Child Focused Issues

Child Focused Issues

Child-focused issues related to different kinds of custody/access arrangements

When no violence, shared decision making and shared parenting can work to benefit children in the following ways:

  • children benefit from ongoing, regular relationship with both parents
  • reduces potential for feelings of abandonment by one parent, for which children often blame themselves
  • may help children adjust with separation/divorce and minimize accompanying losses
  • potentially broaden support system

However, even without violence and despite parents’ efforts, children experience a range of challenges when their parents separate/divorce, including:

  • a range of feelings, including sadness, loss, rejection, generalized or targeted anger, guilt, and wishes for family reconciliation
  • relief that the arguing and/or tension is reduced
  • disruptions to routines
  • compromised sense of security
  • interruptions in peer and recreational activities, especially if distance between parental homes
  • feeling and/or being “caught in the middle” within immediate and extended family, as well as with social network of parents/family

Problems for children when violence is present:

  • children’s adjustment post divorce has been linked to the pre-divorce relationship of parents and this has implications for children who were living with violence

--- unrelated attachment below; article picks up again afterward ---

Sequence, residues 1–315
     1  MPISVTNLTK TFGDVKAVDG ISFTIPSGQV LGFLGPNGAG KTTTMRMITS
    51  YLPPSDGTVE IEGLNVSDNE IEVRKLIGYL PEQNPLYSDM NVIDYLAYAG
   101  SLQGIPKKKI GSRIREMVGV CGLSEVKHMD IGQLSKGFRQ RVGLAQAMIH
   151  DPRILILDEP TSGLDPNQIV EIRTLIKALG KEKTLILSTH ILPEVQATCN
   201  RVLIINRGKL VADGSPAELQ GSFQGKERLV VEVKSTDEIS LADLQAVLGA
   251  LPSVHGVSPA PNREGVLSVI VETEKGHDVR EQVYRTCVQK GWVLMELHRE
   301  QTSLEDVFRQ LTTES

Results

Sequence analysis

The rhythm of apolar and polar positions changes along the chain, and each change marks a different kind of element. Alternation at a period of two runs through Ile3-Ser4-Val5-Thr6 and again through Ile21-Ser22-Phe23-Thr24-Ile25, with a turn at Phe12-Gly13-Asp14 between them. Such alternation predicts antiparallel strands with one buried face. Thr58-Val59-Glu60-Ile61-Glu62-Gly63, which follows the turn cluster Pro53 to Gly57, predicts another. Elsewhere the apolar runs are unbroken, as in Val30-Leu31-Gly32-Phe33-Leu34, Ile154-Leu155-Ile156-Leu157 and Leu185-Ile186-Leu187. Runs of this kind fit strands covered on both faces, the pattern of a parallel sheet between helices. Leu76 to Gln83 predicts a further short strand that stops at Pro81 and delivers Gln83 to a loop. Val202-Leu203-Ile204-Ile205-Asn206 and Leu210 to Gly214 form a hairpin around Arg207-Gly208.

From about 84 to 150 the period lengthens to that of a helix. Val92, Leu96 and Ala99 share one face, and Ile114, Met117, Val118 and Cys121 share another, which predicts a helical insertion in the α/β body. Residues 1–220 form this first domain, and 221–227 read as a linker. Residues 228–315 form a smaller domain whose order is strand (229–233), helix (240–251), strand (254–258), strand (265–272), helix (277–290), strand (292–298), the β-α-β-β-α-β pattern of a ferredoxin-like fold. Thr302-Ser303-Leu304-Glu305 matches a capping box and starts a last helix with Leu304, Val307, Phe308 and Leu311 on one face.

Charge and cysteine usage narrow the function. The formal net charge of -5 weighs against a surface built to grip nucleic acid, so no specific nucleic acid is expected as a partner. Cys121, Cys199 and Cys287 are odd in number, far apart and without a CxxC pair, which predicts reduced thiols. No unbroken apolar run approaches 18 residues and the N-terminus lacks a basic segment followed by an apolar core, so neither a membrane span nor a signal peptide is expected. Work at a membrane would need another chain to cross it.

• range of typical feelings may be intensifies
  • may be used by abusive partner in his efforts to continue to control and dominate their mother
  • children may act out feelings (e.g., anger) related to violence now that it is safe to do so
  • may experience difficulties relating to mother, respecting mother, and responding to her as a parental authority for a variety of reasons, including abusive parent’s undermining of mother’s parenting, abusive parent’s disrespect and devaluing of mother as a person, absence of “fear” as compliance mechanism
  • risks to child and mother’s safety may diminish, stay the same, or increase depending on the abusive parent’s response to separation/divorce
  • children’s need for attention and parenting may continue to be compromised as mother focuses on survival issues (safety, resources), court processes, etc.